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The Roar



Talk is cheap: Only real investment can stop Test cricket ending up like rugby league

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7th January, 2024
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Warning signs have been looming on the horizon for years but now that Test cricket’s worrying future is in the spotlight, there has been plenty of talk from high-ranking officials. 

They have officially raised concern in an officious way without offering anything of note to make the poorer nations optimistic. 

Test cricket’s prospects are becoming so compromised that it is in danger of having a similar number of viable nations to rugby league. 

For those of you who don’t follow league’s dubious international competition there’s basically three teams with any money, a couple more who have a fighting chance of upsetting the top dogs and then a handful of others who are basically making up the numbers. 

One nation pretty much controls the purse strings – Australia – with England and New Zealand also having some clout. 

Sound familiar? Test cricket, like the sport’s two other formats, revolves around the mother ship of India with Australia and England the only other nations who can be confident of putting their best XI on the field without worrying about the T20 franchises luring away their top talent. 

New Zealand and Sri Lanka are still punching above their weight in the Test arena but have already started losing first-choice players to the T20 circuit/circus. 


Pakistan are only just hanging on, the West Indies are a shell of their former selves while South Africa are giving up the five-day ghost, the saddest aspect of Test cricket’s decline because their administrators are prioritising T20 as its money spinner.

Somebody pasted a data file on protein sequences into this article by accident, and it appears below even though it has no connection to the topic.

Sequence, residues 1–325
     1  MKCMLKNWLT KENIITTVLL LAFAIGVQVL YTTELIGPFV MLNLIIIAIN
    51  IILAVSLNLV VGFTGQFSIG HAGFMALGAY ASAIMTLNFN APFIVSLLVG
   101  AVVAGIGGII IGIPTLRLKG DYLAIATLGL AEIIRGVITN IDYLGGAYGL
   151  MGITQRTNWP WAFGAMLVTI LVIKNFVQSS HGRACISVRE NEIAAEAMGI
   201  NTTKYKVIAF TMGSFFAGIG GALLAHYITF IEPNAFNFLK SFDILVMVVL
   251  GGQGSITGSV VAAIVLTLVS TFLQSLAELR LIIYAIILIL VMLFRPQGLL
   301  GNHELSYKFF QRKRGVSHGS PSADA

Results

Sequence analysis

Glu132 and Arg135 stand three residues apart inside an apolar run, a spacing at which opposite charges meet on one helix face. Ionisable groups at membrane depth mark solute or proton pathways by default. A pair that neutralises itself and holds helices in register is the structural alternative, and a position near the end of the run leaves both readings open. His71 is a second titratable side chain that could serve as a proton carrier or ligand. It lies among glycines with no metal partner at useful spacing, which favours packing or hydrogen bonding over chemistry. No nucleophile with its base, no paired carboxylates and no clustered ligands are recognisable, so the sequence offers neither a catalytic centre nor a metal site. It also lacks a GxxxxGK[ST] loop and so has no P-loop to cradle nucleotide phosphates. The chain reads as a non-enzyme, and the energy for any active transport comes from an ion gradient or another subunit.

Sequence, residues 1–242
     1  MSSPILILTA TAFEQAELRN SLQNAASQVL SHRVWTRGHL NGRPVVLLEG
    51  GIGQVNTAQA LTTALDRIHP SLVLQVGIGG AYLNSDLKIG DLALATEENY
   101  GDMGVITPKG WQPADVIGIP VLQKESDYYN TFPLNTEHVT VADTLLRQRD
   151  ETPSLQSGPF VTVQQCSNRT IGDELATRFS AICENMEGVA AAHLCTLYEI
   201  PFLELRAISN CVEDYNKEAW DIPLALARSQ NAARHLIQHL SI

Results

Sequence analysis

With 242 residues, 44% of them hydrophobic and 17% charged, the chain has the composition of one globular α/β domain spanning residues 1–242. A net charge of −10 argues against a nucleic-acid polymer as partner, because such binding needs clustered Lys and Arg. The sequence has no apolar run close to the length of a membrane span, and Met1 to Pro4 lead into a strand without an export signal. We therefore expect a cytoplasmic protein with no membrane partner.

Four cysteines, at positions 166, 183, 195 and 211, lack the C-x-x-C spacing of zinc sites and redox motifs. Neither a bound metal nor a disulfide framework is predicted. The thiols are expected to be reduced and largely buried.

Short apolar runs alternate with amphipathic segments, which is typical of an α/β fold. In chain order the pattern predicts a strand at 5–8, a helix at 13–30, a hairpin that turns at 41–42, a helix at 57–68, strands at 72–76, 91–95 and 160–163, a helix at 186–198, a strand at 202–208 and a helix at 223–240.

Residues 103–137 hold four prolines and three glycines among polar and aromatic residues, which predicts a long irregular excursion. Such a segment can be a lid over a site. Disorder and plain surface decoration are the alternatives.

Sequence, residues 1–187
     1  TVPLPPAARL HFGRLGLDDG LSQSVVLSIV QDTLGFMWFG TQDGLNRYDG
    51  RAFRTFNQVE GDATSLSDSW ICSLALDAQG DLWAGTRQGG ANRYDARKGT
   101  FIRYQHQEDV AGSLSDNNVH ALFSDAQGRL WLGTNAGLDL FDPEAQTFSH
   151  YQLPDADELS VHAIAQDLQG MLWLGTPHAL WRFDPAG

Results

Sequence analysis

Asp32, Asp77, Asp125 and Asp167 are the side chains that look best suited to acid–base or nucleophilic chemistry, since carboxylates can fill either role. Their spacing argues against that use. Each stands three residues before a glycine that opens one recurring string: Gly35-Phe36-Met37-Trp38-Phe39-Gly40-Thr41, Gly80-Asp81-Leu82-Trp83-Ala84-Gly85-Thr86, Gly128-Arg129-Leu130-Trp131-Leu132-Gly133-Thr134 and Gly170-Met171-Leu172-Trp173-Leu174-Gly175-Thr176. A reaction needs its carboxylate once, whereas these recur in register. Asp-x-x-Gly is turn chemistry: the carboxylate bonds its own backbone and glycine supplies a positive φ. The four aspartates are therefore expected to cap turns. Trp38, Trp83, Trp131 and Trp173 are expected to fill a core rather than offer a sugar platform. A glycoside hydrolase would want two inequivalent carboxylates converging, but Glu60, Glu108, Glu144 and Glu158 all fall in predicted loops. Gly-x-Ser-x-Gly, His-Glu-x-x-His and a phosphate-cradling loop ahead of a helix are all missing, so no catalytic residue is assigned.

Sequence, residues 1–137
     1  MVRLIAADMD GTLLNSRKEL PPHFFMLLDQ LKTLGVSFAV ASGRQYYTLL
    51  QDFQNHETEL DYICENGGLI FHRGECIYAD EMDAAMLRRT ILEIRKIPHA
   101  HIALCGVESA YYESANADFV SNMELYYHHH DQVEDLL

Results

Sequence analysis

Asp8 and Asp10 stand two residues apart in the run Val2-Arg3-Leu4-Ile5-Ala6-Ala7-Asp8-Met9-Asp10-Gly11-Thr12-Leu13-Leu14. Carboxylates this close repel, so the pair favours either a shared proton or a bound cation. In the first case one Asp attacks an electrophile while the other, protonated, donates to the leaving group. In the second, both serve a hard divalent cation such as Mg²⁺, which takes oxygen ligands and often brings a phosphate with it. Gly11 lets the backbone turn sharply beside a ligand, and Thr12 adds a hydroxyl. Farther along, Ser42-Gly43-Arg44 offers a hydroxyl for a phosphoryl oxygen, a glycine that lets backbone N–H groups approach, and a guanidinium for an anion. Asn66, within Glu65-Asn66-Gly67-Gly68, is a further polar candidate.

The Proteas proved in their Boxing Day home Test win over India that they are able but they showed with their embarrassing squad selections for their subsequent series in New Zealand that they’re not willing. 

Their decision to send a second-string squad for the two-Test tour has many fans wondering whether the traditional format has reached its global tipping point. 

Nick Hockley at a press conference

Nick Hockley. (Photo by Mark Evans/Getty Images)

Cricket Australia chair Mike Baird and CEO Nick Hockley, along with players’ union boss Todd Greenberg, have responded by saying more needs to be done to divert finances to the nine Test-playing nations who are on the outside looking in at the wealth of India, Australia and England. 

Their hearts seem to be in the right place and each of them appears genuine in their desire to save Test cricket from a grisly demise but talk is cheap. Real investment is needed to ensure the longest format has a lengthy future. 

When the news cycle moves onto the next story and Test cricket’s gulf in class between the haves and have-nots is no longer making headlines, that’s when the executives need to come up with a plan to ensure some of the rivers of gold that are coming into the sport via the T20 explosion are diverted back to Tests. And put the plan into action. 


Steve Waugh wants to see a premium playing fee introduced for all nations so that multi-format cricketers aren’t taking a massive pay cut to represent their country in red-ball contests. 

HYDERABAD, INDIA - MAY 12: Jasprit Bumrah of the Mumbai Indians celebrates taking the wicket of Ambati Rayudu of the Chennai Super Kings during the Indian Premier League Final match between the the Mumbai Indians and Chennai Super Kings at Rajiv Gandhi International Cricket Stadium on May 12, 2019 in Hyderabad, India. (Photo by Robert Cianflone/Getty Images)